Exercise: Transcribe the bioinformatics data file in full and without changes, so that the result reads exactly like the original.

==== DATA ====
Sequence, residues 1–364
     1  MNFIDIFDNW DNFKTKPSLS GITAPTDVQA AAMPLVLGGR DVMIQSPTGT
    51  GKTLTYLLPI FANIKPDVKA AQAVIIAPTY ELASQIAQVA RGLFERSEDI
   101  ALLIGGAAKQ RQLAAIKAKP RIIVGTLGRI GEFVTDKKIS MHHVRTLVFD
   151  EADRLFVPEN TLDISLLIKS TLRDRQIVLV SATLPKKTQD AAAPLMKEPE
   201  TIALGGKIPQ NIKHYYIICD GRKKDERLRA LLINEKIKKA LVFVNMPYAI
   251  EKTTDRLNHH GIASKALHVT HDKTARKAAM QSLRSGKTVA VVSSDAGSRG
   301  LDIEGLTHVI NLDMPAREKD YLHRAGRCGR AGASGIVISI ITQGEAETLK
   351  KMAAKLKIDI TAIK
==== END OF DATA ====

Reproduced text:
Sequence, residues 1–364
     1  MNFIDIFDNW DNFKTKPSLS GITAPTDVQA AAMPLVLGGR DVMIQSPTGT
    51  GKTLTYLLPI FANIKPDVKA AQAVIIAPTY ELASQIAQVA RGLFERSEDI
   101  ALLIGGAAKQ RQLAAIKAKP RIIVGTLGRI GEFVTDKKIS MHHVRTLVFD
   151  EADRLFVPEN TLDISLLIKS TLRDRQIVLV SATLPKKTQD AAAPLMKEPE
   201  TIALGGKIPQ NIKHYYIICD GRKKDERLRA LLINEKIKKA LVFVNMPYAI
   251  EKTTDRLNHH GIASKALHVT HDKTARKAAM QSLRSGKTVA VVSSDAGSRG
   301  LDIEGLTHVI NLDMPAREKD YLHRAGRCGR AGASGIVISI ITQGEAETLK
   351  KMAAKLKIDI TAIK